Author: Ryan - Research Analyst | Messari
Date: May. 27, 2023
The overall goal of this post is to share some data and spur conversation regarding the distribution and voting power of MORPHO wallets/delegates. Since the onset of the protocol, it has been stated that the team believes a progressive approach to decentralization will be one of the keys to the protocol’s success. With Age 4 ending on May 22, 2023, and almost a year since the protocol went live, I wanted to drop some stats on the progress made so far.
At present, obtaining MORPHO tokens requires an active engagement with the Morpho protocol - either through supplying assets or borrowing assets. The utility of the token lies in the governance rights, as one MORPHO is equal to one vote. Additionally, users can delegate their MORPHO to other wallets to vote on their behalf.
The goal of Morpho emissions as mentioned by the team is to bootstrap liquidity and sufficiently decentralize the protocol. Regarding decentralization, here is what was recently said by Morpho Labs member, Paul, on the Morpho governance forum:
“Decentralization: In our vision, a good equilibrium for the control of a DAO is a clear distribution between
- Users: owning a share of the network to provide feedback on the product.
- Contributors: to keep improving and building based on that feedback + on their technical vision (at least at the beginning)
- Investors: to provide capital and guidance and fuel those contributions and ecosystem.”
With this in mind, the focus here is on the delegates/users as the contributors have continued to build as shown by a number of developments, most recently the Morpho-Aave V3 deployment, and we do not have deep insight into the arrangements made with the investors of the protocol.
As of May 23, 2023 there were 786 active addresses that held over 1 MORPHO with approximately 2.7% of the total supply distributed to users via emissions. This is excluding the Morpho seed funding wallets. The average balance per wallet was 21,386 and the median balance was 263. The distribution between the top 5-25 wallets was as follows:
- Top 5 Wallets
- Controls 6,062,866 MORPHO, 24.35% of the circulating supply
- Top 10 Wallets
- Controls 8,375,434 MORPHO, 33.64% of the circulating supply
- Top 15 Wallets
- Controls 9,886,779 MORPHO, 39.71% of the circulating supply
- Top 20 Wallets
- Controls 11,081,887 MORPHO, 44.51% of the circulating supply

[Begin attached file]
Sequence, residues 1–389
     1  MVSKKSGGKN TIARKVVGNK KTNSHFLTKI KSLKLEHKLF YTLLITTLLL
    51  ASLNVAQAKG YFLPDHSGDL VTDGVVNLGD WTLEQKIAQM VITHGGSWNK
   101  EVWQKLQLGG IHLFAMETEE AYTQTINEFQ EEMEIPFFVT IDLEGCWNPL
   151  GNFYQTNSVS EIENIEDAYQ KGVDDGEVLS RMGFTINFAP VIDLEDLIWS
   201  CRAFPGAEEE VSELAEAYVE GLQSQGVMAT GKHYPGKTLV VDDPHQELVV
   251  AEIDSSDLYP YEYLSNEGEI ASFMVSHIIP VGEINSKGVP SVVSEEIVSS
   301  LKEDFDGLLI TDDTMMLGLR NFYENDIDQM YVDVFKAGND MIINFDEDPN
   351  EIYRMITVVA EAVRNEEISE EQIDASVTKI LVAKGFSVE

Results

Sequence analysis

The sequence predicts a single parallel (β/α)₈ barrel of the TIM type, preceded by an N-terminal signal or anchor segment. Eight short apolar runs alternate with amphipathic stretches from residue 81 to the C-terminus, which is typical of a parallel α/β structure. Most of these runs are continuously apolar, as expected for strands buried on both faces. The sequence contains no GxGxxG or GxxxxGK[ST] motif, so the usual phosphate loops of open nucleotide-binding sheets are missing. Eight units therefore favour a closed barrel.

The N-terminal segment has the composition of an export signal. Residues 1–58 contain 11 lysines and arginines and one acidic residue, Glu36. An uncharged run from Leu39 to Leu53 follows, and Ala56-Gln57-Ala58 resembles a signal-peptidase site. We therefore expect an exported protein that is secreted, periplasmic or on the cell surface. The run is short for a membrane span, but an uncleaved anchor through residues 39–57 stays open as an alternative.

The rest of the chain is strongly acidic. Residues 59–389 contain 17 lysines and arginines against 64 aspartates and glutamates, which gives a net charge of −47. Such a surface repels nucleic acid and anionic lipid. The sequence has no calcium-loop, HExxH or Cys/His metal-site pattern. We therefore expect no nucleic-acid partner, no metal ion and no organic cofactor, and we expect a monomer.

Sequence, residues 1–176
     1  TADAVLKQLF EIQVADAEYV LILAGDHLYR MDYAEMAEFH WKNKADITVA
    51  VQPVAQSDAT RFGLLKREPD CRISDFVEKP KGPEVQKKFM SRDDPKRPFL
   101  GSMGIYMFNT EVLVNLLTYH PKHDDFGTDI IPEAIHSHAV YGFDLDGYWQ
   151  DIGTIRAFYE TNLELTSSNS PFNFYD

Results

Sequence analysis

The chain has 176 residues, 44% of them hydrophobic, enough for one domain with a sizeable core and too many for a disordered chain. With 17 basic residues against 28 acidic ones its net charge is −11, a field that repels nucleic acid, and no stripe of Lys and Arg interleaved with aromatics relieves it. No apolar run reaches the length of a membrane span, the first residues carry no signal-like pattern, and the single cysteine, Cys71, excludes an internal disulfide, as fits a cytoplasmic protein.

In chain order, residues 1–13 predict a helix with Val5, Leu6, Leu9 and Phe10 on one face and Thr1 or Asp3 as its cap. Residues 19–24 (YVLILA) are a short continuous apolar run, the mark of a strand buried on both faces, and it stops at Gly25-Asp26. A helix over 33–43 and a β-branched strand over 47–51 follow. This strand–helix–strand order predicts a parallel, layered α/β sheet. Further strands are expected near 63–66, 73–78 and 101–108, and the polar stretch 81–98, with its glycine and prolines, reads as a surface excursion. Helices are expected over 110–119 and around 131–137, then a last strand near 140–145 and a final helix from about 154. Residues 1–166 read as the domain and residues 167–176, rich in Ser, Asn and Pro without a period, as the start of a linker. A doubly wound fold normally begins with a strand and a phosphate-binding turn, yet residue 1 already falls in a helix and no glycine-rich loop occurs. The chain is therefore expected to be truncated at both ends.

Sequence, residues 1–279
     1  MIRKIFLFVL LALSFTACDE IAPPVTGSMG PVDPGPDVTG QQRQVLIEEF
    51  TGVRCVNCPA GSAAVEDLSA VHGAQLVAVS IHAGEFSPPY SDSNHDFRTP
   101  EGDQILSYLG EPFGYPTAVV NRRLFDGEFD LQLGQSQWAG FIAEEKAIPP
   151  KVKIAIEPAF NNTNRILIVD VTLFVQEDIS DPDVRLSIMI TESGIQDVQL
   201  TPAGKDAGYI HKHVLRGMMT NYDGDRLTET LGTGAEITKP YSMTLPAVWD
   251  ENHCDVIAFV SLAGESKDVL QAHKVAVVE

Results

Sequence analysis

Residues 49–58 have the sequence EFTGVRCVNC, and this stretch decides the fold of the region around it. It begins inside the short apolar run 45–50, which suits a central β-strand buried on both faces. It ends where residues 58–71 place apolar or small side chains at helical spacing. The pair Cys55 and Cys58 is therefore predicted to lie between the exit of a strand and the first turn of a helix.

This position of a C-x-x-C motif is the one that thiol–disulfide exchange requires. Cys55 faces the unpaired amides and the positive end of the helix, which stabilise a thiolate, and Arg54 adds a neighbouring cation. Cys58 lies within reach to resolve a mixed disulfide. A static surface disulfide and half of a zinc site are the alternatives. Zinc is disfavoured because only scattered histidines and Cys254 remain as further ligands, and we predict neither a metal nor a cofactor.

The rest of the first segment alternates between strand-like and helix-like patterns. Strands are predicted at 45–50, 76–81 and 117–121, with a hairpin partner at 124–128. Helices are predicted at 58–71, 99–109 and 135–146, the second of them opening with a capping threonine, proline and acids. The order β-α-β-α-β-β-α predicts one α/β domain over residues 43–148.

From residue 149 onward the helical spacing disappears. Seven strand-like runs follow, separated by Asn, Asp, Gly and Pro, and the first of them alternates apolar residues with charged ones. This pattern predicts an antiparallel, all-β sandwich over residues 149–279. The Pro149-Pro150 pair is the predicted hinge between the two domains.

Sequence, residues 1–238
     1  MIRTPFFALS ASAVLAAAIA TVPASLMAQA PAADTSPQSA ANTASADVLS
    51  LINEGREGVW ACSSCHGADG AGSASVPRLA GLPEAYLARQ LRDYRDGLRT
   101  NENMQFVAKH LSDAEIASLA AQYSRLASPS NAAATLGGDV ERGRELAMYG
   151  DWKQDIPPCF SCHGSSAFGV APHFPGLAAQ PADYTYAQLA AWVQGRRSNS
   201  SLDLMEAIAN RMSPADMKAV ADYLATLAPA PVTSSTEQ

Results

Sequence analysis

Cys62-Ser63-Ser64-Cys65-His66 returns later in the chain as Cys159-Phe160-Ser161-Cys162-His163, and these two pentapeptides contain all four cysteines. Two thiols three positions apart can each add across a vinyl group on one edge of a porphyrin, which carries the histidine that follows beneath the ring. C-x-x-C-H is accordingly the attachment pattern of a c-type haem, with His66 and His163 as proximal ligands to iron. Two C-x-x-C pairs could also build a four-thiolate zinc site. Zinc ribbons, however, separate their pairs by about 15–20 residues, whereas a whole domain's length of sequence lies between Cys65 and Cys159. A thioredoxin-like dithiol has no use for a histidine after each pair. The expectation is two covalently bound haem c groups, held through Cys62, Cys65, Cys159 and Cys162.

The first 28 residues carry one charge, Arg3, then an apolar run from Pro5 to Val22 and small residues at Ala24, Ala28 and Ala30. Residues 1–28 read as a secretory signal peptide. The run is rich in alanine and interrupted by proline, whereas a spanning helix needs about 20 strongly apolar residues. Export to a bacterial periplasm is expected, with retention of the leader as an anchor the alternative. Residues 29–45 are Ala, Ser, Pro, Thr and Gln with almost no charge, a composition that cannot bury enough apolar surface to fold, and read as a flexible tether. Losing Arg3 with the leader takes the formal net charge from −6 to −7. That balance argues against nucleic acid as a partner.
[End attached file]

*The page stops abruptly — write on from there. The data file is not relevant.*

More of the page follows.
- Top 25 Wallets
- Controls 12,017,460 MORPHO, 48.27% of the circulating supply
With that said, following MIP 2, Morpho allows users to delegate their voting power to other individuals or groups. Currently on the General Voting Morpho snapshot page there are 15 delegates.
Although the distribution of MORPHO per wallet appears healthy, the distribution amongst delegates is concentrated to just a few entities. Based on MORPHO emissions as of the end of Age 4, the top delegate controls 29% of the total voting weight, the second delegate controls 27% and the third delegate controls 15%. Comparatively, Aave’s top three delegates control 23%, 9% and 9% of the voting weight.
When considering voter turnout on Morpho Improvement proposals, the concentration of control is even more apparent. For example, MIP 14 received 8.43M votes from 48 voters, but delegate 0x84 accounted for 90% of the total vote. For MIPs 12 and 13, there were 16M and 15M votes total, but delegates 0x84 and 0xf4 accounted for over 89% and 96% of the vote respectively. With this said, it is important to note that most proposals have been agreed upon unanimously, so the concentration of power has not led to one individual vote deciding the outcome of a MIP.
This post aims to serve as a community update on the current distribution of MORPHO. I encourage other community members to sanity check the work done here, and propose any thoughts or suggestions for Morpho moving forward. With that said, I will present a couple of questions for the community and team.
- Should there be a limit on the maximum number of MORPHO a delegate can receive?
1A. As the protocol continues to reward ecosystem participants with MORPHO, perhaps a system that limits the total delegate voting power to a % of the circulating supply would make sense to ecourage decentralization and participation.
- What metrics should we consider when thinking about enabling the transferability of MORPHO?
2A. Total tokenholders, total tokenholders over X amount, X amount of MORPHO in circulation, X total value within the protocol, etc…
2B. Should the transferability of the token rely on a utility to be built for MORPHO first?
I’m certain that a multitude of other concepts exist on how to maintain balance in regard to voting power, and I’d be delighted to explore further proposals that the community might bring forward. It’s equally important to assess if any alterations are indeed required, based on the overall communal viewpoint.